“I want to see it and I know that constituents want to see it go ahead to referendum, and hopefully we have a positive outcome,” said Smith. “And saying that we’ve got our work cut out for us to get everyone out to vote from all of the areas — the city, Area I, Area J — and it’ll be up to the voters to determine where we go.”

Chernoff also addressed the fact that the CDCC is subsidized by taxpayers, in that user fees do not cover the costs of operating the facility.

“Without the subsidy of taxation, you would never operate,” he said, pointing to the costs.

Chernoff added that it’s standard for public recreation facilities to be subsidized in B.C.

Option B includes the following:

• Necessary items — demolition of the condemned storage area, acoustic improvements to the arena and additional hockey change rooms; two;

• Arena — a regulation-sized ice sheet, 150 spectator seats, team rooms and a lobby extension to facilitate more leisure skating activities;

• Social hub — a lobby expansion and upgrades, a new reception, a “fireside” room, a warm viewing area to the arena, administration offices and a multipurpose/party room;

• An indoor walking track;

• Pool — new leisure pool with water features, lazy river and beach entry, a change room retrofit, a universal change room expansion and a spray pad.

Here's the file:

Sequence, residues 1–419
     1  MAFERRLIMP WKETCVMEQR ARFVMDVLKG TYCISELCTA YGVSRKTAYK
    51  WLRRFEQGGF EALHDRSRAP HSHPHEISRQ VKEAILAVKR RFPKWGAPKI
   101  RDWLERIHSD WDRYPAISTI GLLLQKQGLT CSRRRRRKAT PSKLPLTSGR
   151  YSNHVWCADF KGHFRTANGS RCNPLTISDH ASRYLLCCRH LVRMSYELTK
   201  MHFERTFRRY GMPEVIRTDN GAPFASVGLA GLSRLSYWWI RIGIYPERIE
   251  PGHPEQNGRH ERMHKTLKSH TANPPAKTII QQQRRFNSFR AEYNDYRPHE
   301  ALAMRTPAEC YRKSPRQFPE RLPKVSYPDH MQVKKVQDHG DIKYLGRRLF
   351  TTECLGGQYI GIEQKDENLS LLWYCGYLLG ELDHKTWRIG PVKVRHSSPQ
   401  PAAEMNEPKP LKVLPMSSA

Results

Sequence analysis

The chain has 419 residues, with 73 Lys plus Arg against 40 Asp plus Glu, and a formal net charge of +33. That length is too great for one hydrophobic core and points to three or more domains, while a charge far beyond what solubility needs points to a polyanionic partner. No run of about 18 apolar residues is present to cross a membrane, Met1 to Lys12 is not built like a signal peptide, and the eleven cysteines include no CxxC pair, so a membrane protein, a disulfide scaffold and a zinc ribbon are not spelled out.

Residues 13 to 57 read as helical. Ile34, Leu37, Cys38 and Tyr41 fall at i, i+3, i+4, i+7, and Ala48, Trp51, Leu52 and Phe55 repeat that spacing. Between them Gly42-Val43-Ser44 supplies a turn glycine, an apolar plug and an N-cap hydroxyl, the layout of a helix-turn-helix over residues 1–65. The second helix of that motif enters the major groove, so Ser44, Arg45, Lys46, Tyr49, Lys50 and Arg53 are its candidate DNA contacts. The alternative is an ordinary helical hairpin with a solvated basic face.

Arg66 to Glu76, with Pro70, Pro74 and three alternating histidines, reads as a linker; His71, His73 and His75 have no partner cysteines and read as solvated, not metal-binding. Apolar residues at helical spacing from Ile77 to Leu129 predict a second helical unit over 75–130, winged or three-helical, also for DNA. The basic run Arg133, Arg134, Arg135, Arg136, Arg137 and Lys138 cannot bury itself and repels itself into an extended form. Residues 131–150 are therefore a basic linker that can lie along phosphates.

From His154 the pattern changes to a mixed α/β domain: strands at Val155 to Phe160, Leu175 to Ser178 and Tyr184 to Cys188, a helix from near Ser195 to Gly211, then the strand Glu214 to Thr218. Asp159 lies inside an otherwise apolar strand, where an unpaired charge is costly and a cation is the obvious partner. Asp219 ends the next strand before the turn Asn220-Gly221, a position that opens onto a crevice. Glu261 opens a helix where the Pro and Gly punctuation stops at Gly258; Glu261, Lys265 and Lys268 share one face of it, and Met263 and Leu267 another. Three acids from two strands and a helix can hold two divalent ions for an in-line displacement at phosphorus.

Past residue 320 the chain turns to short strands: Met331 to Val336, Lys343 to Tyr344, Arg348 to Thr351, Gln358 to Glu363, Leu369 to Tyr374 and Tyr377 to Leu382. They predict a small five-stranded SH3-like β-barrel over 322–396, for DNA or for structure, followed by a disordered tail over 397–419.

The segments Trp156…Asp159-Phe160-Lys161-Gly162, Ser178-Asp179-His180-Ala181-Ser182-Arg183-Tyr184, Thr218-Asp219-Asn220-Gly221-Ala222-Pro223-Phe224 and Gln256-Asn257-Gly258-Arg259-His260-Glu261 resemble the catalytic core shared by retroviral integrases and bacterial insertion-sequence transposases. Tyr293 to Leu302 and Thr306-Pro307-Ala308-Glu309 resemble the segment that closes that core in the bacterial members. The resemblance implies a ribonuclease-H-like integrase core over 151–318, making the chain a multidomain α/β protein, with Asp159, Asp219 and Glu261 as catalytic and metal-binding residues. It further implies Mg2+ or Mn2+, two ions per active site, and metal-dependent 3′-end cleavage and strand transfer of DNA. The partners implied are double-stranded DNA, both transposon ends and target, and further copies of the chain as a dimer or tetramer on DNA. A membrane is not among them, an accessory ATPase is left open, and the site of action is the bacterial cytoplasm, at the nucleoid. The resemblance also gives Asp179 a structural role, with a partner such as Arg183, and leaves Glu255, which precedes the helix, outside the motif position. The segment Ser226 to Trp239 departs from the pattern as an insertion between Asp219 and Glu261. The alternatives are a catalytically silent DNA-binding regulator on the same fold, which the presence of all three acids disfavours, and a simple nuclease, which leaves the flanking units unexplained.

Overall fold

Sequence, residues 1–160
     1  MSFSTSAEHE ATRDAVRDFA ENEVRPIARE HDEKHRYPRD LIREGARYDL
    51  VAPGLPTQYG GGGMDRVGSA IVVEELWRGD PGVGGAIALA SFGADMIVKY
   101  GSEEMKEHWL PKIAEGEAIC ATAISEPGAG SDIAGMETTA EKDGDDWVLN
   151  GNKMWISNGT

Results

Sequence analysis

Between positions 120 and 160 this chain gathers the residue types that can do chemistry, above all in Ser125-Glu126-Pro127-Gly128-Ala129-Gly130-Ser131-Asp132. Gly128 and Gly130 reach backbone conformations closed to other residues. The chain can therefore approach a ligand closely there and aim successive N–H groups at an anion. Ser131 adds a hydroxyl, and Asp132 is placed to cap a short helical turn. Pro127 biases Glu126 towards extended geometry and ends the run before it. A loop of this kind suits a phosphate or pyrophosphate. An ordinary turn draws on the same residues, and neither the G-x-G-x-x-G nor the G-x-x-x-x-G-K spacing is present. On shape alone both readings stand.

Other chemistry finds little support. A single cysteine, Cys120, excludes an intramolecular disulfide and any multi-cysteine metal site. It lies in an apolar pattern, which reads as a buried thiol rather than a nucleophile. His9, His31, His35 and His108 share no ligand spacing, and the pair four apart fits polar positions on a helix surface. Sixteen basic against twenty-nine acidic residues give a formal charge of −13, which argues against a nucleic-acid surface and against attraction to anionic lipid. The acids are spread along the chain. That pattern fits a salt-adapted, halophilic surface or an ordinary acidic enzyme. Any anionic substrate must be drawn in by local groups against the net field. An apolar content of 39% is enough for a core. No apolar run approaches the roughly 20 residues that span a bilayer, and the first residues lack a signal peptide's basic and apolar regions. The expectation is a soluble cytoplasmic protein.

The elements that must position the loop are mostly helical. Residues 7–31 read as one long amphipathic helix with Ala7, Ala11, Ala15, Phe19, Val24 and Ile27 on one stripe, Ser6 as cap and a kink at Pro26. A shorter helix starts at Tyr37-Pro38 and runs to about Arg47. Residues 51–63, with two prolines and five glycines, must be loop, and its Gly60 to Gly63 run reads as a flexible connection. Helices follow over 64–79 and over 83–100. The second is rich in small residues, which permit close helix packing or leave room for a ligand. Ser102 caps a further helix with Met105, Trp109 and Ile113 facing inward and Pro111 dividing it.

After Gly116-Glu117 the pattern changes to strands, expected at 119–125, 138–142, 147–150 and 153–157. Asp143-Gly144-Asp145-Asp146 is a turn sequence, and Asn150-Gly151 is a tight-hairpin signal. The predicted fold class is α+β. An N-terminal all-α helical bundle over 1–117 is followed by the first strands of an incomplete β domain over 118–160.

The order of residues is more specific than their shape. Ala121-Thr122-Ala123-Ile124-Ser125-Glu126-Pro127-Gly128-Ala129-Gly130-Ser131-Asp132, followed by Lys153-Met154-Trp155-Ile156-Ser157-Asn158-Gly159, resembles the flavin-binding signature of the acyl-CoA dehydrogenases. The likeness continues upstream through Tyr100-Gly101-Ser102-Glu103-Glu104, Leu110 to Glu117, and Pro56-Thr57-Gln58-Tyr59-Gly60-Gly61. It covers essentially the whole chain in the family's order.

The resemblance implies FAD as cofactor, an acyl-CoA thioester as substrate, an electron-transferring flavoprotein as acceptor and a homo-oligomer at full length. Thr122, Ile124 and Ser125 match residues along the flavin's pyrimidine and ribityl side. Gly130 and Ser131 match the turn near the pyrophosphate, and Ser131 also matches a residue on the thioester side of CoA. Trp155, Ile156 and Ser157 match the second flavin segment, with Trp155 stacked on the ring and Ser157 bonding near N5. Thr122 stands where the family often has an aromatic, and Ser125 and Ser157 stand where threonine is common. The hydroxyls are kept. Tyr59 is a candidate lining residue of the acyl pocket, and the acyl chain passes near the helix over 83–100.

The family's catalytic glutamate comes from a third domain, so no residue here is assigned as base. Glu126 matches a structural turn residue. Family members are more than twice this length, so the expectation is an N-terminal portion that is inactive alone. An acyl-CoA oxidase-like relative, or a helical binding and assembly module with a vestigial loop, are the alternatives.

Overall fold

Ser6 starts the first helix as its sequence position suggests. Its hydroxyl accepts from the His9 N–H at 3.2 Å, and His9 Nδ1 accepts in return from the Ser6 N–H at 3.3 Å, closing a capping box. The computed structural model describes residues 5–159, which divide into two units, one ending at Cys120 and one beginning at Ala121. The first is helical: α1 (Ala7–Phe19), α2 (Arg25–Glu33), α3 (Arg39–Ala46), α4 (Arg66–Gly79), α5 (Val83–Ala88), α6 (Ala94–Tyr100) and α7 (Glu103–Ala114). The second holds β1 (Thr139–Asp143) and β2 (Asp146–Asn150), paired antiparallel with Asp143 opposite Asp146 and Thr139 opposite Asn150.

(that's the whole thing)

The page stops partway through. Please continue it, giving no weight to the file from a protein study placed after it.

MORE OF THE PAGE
Potential impact on taxes

The proposal is to borrow up to $32,370,000 to cover the building cost of Option B.

The maximum increase on taxation — based on $2.32 per $100,000 of residential assessment for a $1 million loan with a 25-year term and 3.61 per cent APR — would be $75.10 annually per $100,000 of assessed value for residents of Castlegar, Area J and some residents of Area I.

Residents of Area I with properties from north of the intersection at Loff Road and Highway 3A to Playmor Junction, including Shore Acres and the Glade area, are not paying into the aquatic and fitness centres at the CDCC. If the enhancement proceeds, those residents would start paying into those services as well, which is another $28.40 per $100,000 of assessment.

So in total, those residents would pay up to an additional $103.50 per $100,000 of assessment.

But residents will only pay the maximum increase in the event that the project receives no grants and the tax base does not increase.

“Any grants or anything else, even growth over time — growth in the assessment base, so if there’s new businesses or new residential areas, anything that’s added to the assessment base — brings down the cost to everybody,” explained Jim Crockett, manager of recreation for CDCC.

He said that it’s reasonable to expect that the RDCK would receive grants for the project, if the referendum passes, but couldn’t say how big they might be.

“I know that Nelson has received grants for their centre. There have been a number of other grants around that have been provided, so there’s no reason to think that we would be excluded,” said Crockett.